In a note shared earlier this week, the council asked all Moroccan preachers to “stay away from political battles” and “avoid using inappropriate language against people, institutions, or countries.”
The directives came as thousands of Muslims around the world are expressing their anger towards the series of Islamophobic acts that took place in France in recent weeks.
Following the murder of Samuel Paty, a French teacher who was killed for showing his students caricatures and drawings that depict Prophet Muhammad, French President Emmanuel Macron declared that his country “will not renounce” these drawings.
A number of French government buildings allowed the display of the caricatures on their facades, deeply offending Muslims around the world.
The provocative moves, including the anti-Islamic speech from France’s president and a wave of violent episodes across France, prompted a campaign to boycott French products in the Muslim world.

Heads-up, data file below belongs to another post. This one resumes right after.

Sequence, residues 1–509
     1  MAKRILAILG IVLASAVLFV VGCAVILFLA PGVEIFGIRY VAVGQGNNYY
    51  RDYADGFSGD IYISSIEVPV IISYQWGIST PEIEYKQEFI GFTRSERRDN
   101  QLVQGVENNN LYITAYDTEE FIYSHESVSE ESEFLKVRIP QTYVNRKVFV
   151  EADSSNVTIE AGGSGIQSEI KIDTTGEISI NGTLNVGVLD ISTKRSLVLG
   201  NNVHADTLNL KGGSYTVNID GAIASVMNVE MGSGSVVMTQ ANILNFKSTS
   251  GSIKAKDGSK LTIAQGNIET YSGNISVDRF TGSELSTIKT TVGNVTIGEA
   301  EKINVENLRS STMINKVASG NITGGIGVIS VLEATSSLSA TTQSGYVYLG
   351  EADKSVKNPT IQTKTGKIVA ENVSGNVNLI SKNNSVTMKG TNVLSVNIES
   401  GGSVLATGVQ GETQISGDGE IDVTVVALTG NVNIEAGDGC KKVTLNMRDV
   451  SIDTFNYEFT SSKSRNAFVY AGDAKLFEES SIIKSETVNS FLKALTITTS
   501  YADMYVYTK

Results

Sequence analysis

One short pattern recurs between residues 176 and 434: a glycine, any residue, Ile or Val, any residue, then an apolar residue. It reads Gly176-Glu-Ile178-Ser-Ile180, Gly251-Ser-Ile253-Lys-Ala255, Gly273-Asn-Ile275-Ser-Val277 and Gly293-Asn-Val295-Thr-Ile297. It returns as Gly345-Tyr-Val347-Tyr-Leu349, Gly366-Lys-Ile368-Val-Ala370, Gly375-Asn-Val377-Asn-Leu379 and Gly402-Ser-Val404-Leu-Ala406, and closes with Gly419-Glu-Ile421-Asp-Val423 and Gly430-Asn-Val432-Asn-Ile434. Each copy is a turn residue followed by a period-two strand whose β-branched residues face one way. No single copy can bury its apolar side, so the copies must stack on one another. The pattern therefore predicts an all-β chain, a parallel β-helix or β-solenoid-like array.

The series of events also led to an extremist attack in Nice, southeastern France, which killed three people.
Even as Macron continued his offensive rhetoric against Muslims, Morocco’s Supreme Council of Ulemas believed it is necessary to “remind preachers of the constants that all Moroccans agreed on.”
The Friday prayer, held every Friday afternoon, includes a sermon delivered by Khatibs (preachers). The weekly sermons usually tackle current events from a religious point of view.
The recently-issued directives aim to prevent preachers from intensifying the anger of Morocco’s population towards France.